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Backing up a passbolt installation

Making regular backups is a critical aspect of managing a passbolt instance. Because passbolt stores important information, it is equally important to have a backup strategy in place.

As a passbolt administrator it is your responsibility to define how often and when to perform backups. Please automate and customize this process to match the needs and policies of your organization.

Here are some best practices to keep in mind:

  • Ensure that the backups are taken at intervals that match your usage
  • Take these backups off-site, or to another environment than the live one
  • Make sure the backup is encrypted and stored in a safe location
  • Practice drills and test the backups to make sure they work

What to backup?

There are several elements you need to backup:

1. The database

This can be easily scripted using mysqldump for example:

mysqldump -u[user] -p[pass] [db] > /path/to/backup.sql

2. The avatars

The images in webroot/img/public also need to be backed up, otherwise profile images will be lost.

3. The server public and private keys

You can copy the server OpenPGP key in config/gpg or export it directly from GnuPG.

To export it using GnuPG you can use the email attached to your keys to identify them or use the fingerprint. In order to find the fingerprint if you do not know the email attached to your keys:

sudo -H -u www-data /bin/bash -c "gpg --list-keys"

If you know the email attached to your keys you can use it to export your keys as follows:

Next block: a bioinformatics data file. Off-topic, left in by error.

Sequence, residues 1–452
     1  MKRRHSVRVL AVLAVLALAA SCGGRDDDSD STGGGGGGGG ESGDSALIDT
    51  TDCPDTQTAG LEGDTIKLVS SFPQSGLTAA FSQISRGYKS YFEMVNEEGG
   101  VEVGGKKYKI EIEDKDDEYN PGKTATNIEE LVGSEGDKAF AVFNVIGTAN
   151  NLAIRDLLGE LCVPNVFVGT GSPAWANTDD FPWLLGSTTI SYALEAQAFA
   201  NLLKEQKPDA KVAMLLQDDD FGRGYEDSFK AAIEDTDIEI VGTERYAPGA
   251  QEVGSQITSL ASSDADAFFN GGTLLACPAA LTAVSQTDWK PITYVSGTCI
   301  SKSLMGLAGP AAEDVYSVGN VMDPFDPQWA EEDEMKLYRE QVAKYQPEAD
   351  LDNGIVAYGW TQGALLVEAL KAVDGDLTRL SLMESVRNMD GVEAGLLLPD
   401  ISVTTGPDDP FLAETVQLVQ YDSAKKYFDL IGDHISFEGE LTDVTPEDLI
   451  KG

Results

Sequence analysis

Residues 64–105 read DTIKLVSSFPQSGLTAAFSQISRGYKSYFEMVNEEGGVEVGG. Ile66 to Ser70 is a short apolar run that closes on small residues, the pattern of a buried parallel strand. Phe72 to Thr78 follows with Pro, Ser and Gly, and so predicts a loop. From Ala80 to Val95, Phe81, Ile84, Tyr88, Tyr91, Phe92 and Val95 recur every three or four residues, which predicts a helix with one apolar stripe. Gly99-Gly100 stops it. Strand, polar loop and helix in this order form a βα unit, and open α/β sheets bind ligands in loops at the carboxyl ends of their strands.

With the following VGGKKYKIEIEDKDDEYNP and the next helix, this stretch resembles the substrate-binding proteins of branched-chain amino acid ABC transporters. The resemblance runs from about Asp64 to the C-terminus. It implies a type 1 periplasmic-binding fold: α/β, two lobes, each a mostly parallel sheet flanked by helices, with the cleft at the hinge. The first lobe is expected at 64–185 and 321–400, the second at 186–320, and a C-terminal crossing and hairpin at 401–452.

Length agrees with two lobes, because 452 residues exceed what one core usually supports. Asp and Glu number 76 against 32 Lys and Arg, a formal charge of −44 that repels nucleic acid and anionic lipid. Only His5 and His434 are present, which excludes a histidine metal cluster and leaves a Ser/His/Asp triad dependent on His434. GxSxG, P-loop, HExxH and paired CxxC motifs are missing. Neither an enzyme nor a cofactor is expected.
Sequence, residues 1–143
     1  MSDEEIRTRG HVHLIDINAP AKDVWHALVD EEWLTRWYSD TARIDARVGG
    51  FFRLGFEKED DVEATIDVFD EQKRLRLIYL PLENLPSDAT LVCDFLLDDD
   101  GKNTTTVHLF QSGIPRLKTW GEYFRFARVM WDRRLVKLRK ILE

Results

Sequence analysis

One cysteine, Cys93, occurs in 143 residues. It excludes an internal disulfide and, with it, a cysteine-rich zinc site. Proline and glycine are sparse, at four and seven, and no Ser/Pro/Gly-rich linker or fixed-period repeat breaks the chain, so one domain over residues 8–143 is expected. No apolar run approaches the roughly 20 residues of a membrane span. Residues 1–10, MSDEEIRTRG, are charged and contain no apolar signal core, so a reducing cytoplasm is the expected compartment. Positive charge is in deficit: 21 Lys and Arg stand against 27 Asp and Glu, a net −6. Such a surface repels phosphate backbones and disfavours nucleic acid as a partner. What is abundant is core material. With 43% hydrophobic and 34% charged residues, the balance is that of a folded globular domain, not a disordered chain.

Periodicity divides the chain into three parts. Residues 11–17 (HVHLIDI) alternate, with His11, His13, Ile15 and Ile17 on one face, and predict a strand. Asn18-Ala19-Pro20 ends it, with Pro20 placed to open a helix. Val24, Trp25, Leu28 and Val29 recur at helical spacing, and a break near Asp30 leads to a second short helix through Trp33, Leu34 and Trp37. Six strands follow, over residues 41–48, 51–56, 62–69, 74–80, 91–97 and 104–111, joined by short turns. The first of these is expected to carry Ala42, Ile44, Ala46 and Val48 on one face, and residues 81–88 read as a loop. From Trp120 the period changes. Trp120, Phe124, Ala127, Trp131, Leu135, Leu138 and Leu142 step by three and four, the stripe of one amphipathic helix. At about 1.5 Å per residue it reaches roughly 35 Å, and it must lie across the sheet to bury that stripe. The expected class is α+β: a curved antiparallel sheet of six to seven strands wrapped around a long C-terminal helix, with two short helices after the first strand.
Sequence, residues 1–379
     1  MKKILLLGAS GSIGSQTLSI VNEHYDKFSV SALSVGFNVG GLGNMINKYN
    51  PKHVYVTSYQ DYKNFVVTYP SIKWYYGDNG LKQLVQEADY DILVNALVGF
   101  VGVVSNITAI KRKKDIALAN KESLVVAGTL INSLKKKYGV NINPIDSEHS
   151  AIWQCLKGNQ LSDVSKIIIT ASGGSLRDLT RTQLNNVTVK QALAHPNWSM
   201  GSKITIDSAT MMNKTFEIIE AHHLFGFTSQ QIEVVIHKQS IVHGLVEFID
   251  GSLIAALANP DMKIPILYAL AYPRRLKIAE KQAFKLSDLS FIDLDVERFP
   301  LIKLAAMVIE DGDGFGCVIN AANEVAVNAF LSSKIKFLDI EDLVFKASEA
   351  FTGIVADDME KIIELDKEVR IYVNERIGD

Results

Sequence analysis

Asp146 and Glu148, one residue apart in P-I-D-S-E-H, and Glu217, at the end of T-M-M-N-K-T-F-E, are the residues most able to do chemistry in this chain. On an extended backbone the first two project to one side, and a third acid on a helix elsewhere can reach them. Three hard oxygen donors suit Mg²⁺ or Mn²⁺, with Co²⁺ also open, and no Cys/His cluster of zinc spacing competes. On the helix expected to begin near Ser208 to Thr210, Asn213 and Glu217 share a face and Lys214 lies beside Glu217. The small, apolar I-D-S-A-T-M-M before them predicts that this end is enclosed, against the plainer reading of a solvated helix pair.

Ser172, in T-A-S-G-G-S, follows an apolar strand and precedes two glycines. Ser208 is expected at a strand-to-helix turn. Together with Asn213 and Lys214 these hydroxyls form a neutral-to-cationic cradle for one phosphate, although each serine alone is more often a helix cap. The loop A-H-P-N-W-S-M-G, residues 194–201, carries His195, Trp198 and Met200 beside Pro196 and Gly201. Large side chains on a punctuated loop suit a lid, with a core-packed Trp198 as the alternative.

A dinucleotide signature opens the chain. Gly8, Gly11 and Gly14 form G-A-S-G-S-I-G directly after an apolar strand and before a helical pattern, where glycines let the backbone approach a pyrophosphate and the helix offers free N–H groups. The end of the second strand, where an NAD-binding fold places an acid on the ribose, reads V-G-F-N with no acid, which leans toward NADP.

sudo -H -u www-data /bin/bash -c "gpg --export-secret-keys <identifier> > /var/www/passbolt/config/gpg/private.asc" www-data
sudo -H -u www-data /bin/bash -c "gpg --export <identifier> > /var/www/passbolt/config/gpg/public.asc" www-data

Where can be the key fingerprint or the email associated with the key you want to export.


Be sure to remove the expiration time before importing the keys at backup restore. While restoring the backup, the imported keys cannot have an expiry date.

4. The application configuration

The file located in config/passbolt.php. It is optional, but it can save you some time if you need to rebuild a new instance.

What about the secret keys of my collaborators?

Every user private key should also be backed up, this is however not something we/you can automate easily for now (passbolt might provide a functionality for this in the future). We believe it is best if this is the responsibility of the end user. There is a dedicated step during the extension setup to that purpose.

As an administrator you should stress the importance of backing up secret keys to other users. For example this warning could be part of the initial information message sent to introduce passbolt to new users.

It is possible that having users back up their own keys may not be realistic or desirable in your case. In this case you can opt in for an alternative strategy such as setting up the account with/for them and taking a backup of the secret keys then. In the worst case scenario you could automate the process by installing a script on your users machine that would make that backup for you.

Last updated

This article was last updated on March 14th, 2018.

Do you have a question about backups? Do you want to share your experience and best practices?

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Are you still using passbolt v1? Check out the previous version of this article.

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